La Jolla, Calif. (April 1, 2011) — The La Jolla Symphony " Chorus (LJS"C) observes the Easter season with the best of choral music, J.S. Bach’s largest and most dramatic work, The Passion According to St. Matthew, on April 30 and May 1. Almost operatic in its spectacle and impact, this music requires two orchestras, adult and children choruses, and vocal and instrumental soloists. LJS&C Choral Director David Chase conducts.
One of three Passion settings by Bach, Saint Matthew Passion would become his grandest work ever. It was first performed on Good Friday 1727 at the Thomaskirche in Leipzig, where Bach was cantor. Bach assembled his text from three sources. This Passion is based principally on the Book of Matthew, Chapters 26-27, with additional text by Leipzig poet Christian Friedrich Henrici, who wrote under the name of Picander. Picander’s 28 recitatives and arias expanded on the events from the gospel or expressed feelings of love and grief. Additionally, Bach turned to Martin Luther’s chorale tradition, breaking into the narrative 15 times with chorale tunes that comment on the action and suggest the reactions of the crowd.
Bach’s setting falls into two huge parts. The first, tells of the last supper, the betrayal of Christ by Judas, and Christ’s seizure by the authorities. The second part, tells of the trial, Peter’s denial, the crucifixion, and the burial. Bach’s deployment of his varied forces is imaginative, and individual characters, such as the Evangelist and Jesus, emerge in different ways. But it is the changing function of the chorus that may be the work’s most striking feature. At times, the chorus is a crowd surging uneasily through the streets; at others it can be the disciples or an angry shrieking mob. This fluid identity of the chorus is one of the most original features of the work.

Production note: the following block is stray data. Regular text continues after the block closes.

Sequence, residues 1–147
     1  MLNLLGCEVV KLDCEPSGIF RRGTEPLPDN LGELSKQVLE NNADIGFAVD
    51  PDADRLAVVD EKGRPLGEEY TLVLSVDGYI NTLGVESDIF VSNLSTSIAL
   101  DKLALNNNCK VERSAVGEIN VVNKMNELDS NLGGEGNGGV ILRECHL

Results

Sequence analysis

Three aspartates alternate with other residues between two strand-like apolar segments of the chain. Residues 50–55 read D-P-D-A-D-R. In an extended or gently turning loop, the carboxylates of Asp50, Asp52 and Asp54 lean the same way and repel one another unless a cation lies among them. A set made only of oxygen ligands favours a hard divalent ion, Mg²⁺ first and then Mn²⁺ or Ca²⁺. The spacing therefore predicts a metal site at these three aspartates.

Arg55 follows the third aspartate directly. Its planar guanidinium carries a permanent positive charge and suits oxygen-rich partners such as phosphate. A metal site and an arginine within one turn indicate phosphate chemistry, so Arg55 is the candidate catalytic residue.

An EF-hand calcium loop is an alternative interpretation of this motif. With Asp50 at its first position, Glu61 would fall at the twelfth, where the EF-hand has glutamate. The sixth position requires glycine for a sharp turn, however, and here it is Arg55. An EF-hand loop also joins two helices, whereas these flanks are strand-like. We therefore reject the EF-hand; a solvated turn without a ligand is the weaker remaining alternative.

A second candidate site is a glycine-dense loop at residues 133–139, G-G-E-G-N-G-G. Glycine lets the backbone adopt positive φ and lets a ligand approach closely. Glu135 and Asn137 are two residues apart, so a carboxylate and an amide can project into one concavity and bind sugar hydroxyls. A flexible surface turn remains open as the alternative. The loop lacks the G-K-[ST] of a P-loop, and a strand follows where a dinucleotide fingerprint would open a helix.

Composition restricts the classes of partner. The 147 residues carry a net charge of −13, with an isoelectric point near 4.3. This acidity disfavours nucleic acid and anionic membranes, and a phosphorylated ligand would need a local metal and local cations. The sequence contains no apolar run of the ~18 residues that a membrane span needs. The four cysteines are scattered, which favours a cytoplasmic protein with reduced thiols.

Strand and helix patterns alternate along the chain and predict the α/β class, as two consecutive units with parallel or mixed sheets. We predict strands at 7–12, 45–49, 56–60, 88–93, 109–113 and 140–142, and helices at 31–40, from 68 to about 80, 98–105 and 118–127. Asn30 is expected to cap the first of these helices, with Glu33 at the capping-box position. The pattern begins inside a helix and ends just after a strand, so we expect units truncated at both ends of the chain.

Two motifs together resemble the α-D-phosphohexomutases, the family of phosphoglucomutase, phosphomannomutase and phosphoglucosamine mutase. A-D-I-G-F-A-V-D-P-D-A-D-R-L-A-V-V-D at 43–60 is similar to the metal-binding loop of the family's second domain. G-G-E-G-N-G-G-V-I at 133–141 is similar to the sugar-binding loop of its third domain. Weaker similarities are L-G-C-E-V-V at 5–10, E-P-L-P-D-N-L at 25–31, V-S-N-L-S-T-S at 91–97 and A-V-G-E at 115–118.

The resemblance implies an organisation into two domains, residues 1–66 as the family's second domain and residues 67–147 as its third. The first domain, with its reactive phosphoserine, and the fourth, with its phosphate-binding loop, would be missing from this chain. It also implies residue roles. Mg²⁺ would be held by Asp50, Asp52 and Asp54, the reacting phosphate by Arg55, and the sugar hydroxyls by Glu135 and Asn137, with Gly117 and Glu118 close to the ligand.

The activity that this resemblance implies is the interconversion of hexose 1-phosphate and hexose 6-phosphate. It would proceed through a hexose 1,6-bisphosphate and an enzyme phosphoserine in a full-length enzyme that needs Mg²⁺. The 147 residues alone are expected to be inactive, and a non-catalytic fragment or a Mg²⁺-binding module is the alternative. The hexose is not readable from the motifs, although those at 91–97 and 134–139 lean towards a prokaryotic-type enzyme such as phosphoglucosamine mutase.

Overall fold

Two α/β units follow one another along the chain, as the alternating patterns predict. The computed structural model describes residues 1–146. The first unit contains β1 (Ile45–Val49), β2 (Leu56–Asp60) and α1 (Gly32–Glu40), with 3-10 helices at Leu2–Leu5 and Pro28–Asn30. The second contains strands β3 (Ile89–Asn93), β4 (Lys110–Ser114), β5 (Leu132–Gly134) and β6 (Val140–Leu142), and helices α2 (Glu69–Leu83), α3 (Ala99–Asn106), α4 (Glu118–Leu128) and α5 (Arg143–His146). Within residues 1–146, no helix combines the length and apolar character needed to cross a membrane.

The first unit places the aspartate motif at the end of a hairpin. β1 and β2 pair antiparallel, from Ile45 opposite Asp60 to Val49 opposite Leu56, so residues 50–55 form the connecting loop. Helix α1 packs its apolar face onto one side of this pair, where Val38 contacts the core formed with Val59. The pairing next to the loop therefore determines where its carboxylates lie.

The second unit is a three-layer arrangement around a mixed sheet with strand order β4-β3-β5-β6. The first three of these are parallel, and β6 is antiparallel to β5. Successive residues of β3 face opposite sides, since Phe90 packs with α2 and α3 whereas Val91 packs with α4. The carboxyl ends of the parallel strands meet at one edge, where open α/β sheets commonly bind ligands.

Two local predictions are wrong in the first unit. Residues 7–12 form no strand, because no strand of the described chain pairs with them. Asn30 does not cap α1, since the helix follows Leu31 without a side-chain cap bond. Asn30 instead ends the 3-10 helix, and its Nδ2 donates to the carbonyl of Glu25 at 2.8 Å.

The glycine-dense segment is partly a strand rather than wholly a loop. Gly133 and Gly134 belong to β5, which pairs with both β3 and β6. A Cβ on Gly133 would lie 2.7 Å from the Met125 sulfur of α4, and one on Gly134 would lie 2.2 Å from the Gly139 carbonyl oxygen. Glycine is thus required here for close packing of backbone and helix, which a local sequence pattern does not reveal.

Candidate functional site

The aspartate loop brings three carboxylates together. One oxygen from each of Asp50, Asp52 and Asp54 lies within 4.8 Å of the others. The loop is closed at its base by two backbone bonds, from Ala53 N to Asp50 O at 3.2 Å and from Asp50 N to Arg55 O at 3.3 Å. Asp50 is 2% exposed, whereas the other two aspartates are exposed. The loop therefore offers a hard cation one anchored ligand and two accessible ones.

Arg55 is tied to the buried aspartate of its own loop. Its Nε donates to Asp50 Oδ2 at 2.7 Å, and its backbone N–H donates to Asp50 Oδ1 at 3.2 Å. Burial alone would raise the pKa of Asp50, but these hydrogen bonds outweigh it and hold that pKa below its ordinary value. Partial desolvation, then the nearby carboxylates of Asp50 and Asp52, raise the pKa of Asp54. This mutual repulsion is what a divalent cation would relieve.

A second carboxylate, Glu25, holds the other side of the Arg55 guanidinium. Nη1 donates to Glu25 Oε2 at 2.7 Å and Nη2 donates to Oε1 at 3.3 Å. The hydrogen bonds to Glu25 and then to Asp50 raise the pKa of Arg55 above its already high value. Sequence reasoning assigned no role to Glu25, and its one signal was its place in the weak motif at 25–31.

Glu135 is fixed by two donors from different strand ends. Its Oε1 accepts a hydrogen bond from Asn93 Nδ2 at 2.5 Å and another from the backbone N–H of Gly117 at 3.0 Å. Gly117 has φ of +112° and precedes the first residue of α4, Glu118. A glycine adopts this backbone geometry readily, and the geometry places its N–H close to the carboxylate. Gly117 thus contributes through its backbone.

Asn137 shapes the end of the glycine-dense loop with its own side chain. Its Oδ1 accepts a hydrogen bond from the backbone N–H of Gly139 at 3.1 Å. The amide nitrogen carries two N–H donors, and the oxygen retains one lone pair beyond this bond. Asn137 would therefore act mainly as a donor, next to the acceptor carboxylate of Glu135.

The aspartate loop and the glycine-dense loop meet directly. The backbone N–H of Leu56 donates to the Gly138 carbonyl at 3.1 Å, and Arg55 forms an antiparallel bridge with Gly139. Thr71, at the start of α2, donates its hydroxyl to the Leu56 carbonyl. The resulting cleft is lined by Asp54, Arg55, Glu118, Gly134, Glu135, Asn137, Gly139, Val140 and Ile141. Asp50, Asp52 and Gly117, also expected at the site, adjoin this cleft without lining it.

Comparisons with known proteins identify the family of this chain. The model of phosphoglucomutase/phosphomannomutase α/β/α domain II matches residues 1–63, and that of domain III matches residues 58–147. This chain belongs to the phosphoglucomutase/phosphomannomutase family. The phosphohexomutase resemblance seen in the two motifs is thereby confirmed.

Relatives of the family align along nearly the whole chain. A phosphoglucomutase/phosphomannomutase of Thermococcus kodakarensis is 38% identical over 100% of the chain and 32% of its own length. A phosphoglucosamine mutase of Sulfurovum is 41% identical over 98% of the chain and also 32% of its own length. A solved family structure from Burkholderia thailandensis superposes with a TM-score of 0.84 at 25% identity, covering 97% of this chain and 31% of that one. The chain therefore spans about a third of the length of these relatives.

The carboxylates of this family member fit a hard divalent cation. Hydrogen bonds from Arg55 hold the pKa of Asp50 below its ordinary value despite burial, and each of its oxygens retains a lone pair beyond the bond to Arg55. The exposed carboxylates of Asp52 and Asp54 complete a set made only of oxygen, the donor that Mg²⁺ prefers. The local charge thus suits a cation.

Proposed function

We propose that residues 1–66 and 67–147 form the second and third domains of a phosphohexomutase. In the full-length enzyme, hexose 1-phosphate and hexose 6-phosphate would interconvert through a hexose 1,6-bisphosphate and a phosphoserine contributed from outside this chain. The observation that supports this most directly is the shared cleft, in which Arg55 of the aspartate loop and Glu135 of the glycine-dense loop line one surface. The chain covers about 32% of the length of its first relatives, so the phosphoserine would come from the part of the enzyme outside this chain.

Guest artists joining the symphony and chorus for these two performances include tenor Jon Lee Keenan in the radiant role of the “Evangelist,” soprano Angela Cadelago, mezzo-soprano Janelle DeStefano, tenor Benjamin Bliss, baritone Gregorio Gonzalez, bass Abdiel Gonzalez, and the North Coast Singers children’s choir.
The performances take place on April 30 and May 1, 2011 in Mandeville Auditorium at UCSD. Concert times are 7:30 p.m. on Saturday and 3:00 p.m. on Sunday. Individual tickets are $29 general, $26 senior, and $15 student. Group discounts are available. Parking is free. A pre-concert lecture is offered one hour prior to concert times. To purchase tickets or for more information, call the LJS&C office at (858) 534-4637.
The La Jolla Symphony & Chorus, San Diego’s oldest and largest community orchestra and chorus, is a non-profit musical performing group dedicated to inspiring San Diego with the joy of music. Its 110-person orchestra and 130-person chorus perform groundbreaking orchestral and choral music along with traditional favorites from the classical repertoire. During this 56th season, themed Face the Music: Experiences for the Ears and the Eyes, Music Director Steven Schick shares the podium with David Chase, performing works by Bernstein, Mahler, Beethoven, Debussy, Bartók, Xenakis, Kline, and more.